My three young grandsons played in a rugby tournament today.  They all did really well, although the oldest boy got a finger trampled on, which caused him to withdraw from the competition half way through.  He played well, though, scoring a try in the early stages of his first game for his new school club. 
The younger two and their team got through to the final in their group.  They were runners-up, which didn't impress them much, but they received a medal each for their effort, so that placated them a little!

It was a lovely afternoon.  Golden autumn sunshine warmed our backs and, best of all, the Act of Union Beeches, on the east side of North Berwick law, are still standing!!!  Hooray!
And to start the week off in colourful fashion, here is some delicious Autumn colour from the garden.

Friday, 19 September 2014

Last few days of the hols

Our last day in Devon dawned rather differently for me.  I was going to make my debut on national radio!  Three weeks before I had responded to a request from the presenters of Radio 3's Breakfast programme, for the piece of music which had stopped listeners in their tracks, a heart stopper, life changer.  I have such a piece.  Parce mihi, Domine, music composed by Cristobal de Morales and performed by Norwegian saxophonist, Jan Gabarek, together with the choral group, the Hilliard Ensemble.  I emailed the BBC, didn't hear anything, but I am used to that!  I quite often drop them an email which gets swallowed up in the myriad of communications they must receive.  Anyway, on Wednesday last week, we returned from a walk and I found an email from Breakfast's producer, inviting me to introduce the piece on the programme on Friday morning.   I was all of a twitter, rather dumbfounded, but I had a short conversation with Petroc Trelawney, and made my rather faltering introduction to this supremely peaceful and inspiring music, a fusion of ancient and modern sound.  You can hear it here (close your eyes, you definitely don't need the naff video!).  Enjoy…. and de-stress.  Bliss.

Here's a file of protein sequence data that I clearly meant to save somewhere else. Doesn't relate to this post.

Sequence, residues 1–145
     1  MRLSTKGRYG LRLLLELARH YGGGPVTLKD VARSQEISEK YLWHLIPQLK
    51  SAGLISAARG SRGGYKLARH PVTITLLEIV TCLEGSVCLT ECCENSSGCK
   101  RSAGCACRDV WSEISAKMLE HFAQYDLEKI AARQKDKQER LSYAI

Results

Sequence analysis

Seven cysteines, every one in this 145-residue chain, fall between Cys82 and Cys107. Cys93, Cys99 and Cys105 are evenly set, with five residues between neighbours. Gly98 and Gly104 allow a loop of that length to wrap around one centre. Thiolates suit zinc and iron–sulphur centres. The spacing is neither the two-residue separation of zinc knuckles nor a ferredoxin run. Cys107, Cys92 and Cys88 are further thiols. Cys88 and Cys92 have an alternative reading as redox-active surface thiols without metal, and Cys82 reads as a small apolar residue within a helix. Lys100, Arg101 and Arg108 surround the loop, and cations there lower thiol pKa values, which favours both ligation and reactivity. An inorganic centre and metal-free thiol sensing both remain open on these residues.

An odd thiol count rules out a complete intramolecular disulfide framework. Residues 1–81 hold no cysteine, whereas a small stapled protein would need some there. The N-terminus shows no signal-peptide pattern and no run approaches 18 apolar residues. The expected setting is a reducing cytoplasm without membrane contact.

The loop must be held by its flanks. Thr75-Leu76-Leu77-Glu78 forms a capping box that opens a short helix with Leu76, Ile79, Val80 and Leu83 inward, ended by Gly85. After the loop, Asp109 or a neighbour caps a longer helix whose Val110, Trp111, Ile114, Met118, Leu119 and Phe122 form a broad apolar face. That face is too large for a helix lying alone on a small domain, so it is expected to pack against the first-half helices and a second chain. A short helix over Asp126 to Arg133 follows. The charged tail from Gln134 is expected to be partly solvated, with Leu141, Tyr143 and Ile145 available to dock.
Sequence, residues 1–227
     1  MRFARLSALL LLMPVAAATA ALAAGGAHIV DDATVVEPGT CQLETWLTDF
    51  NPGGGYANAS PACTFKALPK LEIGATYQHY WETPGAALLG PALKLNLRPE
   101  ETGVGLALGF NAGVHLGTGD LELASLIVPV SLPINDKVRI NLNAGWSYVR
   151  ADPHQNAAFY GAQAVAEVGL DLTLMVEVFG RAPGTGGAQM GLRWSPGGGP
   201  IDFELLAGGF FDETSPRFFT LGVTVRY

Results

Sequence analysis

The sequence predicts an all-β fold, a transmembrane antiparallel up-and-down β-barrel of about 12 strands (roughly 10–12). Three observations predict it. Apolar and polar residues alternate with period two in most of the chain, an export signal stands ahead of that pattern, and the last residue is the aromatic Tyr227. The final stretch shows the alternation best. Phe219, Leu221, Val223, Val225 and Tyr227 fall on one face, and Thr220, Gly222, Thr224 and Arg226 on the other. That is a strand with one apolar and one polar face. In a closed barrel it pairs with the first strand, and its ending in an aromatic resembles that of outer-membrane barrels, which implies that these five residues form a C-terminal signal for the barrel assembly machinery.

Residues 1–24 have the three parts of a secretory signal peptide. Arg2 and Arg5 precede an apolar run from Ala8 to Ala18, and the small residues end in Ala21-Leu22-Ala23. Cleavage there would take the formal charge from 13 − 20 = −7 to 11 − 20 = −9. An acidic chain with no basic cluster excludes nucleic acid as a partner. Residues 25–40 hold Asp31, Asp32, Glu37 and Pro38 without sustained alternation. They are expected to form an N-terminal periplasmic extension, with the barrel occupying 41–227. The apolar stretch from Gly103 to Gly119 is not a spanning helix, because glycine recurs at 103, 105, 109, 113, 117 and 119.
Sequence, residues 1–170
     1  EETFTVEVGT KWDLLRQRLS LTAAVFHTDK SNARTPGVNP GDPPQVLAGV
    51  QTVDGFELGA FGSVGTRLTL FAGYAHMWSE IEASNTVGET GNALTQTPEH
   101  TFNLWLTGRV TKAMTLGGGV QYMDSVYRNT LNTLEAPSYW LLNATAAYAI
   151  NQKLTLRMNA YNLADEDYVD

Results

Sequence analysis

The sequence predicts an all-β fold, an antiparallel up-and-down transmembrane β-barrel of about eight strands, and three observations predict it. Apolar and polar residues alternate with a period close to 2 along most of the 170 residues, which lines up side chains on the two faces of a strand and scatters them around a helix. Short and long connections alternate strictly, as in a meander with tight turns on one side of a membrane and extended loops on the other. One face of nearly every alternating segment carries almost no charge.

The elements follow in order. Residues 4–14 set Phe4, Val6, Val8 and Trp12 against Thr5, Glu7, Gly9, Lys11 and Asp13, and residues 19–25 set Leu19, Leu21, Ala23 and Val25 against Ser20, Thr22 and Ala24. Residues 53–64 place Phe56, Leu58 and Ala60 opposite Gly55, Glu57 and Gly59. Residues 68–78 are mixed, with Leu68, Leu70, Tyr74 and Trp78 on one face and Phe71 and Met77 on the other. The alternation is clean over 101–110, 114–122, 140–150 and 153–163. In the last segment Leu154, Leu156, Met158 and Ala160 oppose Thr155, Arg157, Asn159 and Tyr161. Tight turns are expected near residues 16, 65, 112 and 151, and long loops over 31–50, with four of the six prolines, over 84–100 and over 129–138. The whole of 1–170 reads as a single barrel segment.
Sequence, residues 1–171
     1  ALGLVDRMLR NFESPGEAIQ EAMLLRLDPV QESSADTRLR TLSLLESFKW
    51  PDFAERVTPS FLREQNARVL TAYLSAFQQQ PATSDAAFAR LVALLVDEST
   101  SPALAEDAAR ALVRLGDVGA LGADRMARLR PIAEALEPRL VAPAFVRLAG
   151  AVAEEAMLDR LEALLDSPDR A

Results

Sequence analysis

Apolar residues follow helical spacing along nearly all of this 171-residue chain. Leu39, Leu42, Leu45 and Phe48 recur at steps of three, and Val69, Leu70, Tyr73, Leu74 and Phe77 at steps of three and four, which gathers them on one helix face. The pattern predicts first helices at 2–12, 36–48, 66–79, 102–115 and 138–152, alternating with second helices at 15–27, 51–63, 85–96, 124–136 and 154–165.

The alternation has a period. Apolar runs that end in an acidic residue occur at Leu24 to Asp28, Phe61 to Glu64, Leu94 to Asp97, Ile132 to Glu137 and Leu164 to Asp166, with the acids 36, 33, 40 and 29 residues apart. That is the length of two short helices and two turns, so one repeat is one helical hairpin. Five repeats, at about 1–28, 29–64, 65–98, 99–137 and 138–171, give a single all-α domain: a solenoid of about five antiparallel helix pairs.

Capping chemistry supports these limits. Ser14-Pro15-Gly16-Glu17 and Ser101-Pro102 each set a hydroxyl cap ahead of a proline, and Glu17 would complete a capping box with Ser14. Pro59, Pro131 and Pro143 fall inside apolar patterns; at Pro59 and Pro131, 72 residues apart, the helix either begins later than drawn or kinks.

Friday morning in Totnes means market time.  I love Totnes market.  It is vibrant, diverse, colourful, and full of the characters who have made their home in the area, which is renowned for embracing alternative lifestyles.  
We used to go to Hope Cove for holidays when I was very young.  This chair cover was the closest I got to Hope Cove during this visit, but I look forward to visiting next time we are in Devon.  I have great memories of our happy times spent there.
On Friday afternoon we took our leave of Totnes and Devon and drove up to spend the weekend with my brother and his family in the Cotswolds.  They live in the unspoilt, less manicured, westerly part of the Cotswolds.  The fields around the house are completely unspoilt, full of wild flowers, now mostly at seed head stage, which is good news for next year, 
and in the strips along the edge of the fields which have been sown for cover, there was the most incredible range of flowers and grasses.
To decorate the house, for a Sunday lunch party, my sister-in-law and I picked a few sunflowers and they did look lovely, bringing some sunshine to the last day of our holiday.